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The Weather Underground Mansion in NYC Hasn’t Sold 54 Years After Its Tragic Blast!


CNS NewsAfter four years on and off the market, the Weather Underground townhouse at 18 W. 11th St. in Greenwich Village has not sold 54 years after the explosion. StreetEasy reported that the Gold Coast’s oddly angled modern property between Fifth and Sixth Avenues sold quietly for $18 million in October 2023. Relisting this property was not addressed by Compass’s Clinton Stowe.

New owners may fix the address. In late 2019, WeWork co-founder Miguel McKelvey wanted $21 million for the 21-foot tower. The COVID-19 outbreak compelled him to remove the listing six months later. He spent $12m in 2015. The $50,000 monthly rent and 2021 tenure didn’t help McKelvey sell the 6,000-square-foot property.

The home listed for $18 million and $19 million between early 2022 and late 2023, records show. An alternative situation 53 years ago killed three farm kids. The extreme leftist Weather Underground accidentally detonated a bomb in this 1840s townhouse around noon on March 6, 1970. Adman James Wilkerson and Audrey, his second wife, owned the St. Kitts vacation home.

At Swarthmore College, Wilkerson’s daughter Cathy joined the SDS Weather Underground to fight imperialism and racism. She and four classmates asked her father to let them remain at the 10-room estate while he went. Made explosives for Columbia University’s Low Memorial Library with Kathy Boudin, Diana Oughton, Terry Robbins, and Ted Gold.

The final three were murdered in a basement blast due to an electrical attachment issue. Over 20 years after his 1981 armored truck robbery, Boudin died of cancer in 2022. After 11 months of a three-year sentence, only 79-year-old Wilkerson survives the explosion. The Wilkerson house was dismantled. After the blast destroyed the facade, newspaper images showed smoke from the large hole.

The mansion was extensively rebuilt. The vacant site cost $80,000, or $653,000 today, to architect Hugh Hardy, who died in 2017, and Steuben Glass CEO Francis Mason three months after the disaster. Beams supported several homes after the house was removed. Hardy desired a unique two-family home. The 45-degree book-like West 11th Street front demonstrates how it happened.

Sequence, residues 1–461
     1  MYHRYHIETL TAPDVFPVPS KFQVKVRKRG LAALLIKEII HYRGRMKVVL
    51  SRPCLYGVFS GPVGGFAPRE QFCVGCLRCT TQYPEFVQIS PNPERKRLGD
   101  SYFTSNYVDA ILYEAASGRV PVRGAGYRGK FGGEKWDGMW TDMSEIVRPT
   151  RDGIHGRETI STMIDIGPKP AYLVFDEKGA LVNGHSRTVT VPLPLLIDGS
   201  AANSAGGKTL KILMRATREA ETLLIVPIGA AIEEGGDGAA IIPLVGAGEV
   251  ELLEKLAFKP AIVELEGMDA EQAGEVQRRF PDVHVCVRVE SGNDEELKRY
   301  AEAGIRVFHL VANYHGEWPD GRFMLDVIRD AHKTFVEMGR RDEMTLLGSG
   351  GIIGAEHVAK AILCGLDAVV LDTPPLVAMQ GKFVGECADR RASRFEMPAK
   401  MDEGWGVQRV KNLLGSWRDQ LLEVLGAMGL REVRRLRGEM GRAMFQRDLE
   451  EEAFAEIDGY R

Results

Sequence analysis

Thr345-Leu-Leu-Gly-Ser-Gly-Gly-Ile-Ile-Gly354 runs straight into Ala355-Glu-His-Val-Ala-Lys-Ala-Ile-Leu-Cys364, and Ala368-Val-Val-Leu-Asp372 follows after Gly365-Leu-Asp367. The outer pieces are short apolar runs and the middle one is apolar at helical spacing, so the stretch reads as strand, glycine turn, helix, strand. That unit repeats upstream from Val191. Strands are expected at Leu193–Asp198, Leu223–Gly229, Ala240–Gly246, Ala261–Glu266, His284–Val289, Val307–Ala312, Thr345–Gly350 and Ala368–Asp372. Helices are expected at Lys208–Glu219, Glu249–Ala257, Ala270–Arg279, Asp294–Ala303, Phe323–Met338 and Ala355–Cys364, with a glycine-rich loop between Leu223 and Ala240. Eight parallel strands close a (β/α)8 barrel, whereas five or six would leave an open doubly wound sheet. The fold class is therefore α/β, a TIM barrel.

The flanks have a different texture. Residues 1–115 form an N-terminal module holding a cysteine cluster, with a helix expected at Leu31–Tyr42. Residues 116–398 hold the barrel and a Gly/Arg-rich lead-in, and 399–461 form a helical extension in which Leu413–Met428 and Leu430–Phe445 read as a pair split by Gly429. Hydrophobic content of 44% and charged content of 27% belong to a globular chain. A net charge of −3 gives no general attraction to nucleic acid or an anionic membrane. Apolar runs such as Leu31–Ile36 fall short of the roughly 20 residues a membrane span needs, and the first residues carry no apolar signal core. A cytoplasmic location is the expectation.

The city Landmarks Preservation Commission approved amended plans a year before the explosion because the block was historic. The design passed one vote despite community objections. Eight years passed with the lot empty. The late Pennsylvania couple David and Norma Langworthy bought the site from Hardy and Mason for $80,000 in 1978 to preserve the plan.

The split-level structure and sloping exterior give the inside a 10-story sense. The Langworthys owned the mansion until 2012 when Norma’s estate sold it for $9.25 million. Modern listing photos show McKelvey hired VonDalwig Architecture to open the divided levels with glass to create an atrium. Restoration has massive floor-to-ceiling windows.

The Weather Underground Mansion in NYC Hasn't Sold 54 Years After Its Tragic Blast!

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The Greenwich Village Society for Historic Preservation’s veteran executive director Andrew Berman told The Post that the home will always remind them of the tragedy that prompted it. Berman adds, “The Weather Underground explosion is now as much a part of the [historic district] history as anything else, and it deserves to be remembered.”

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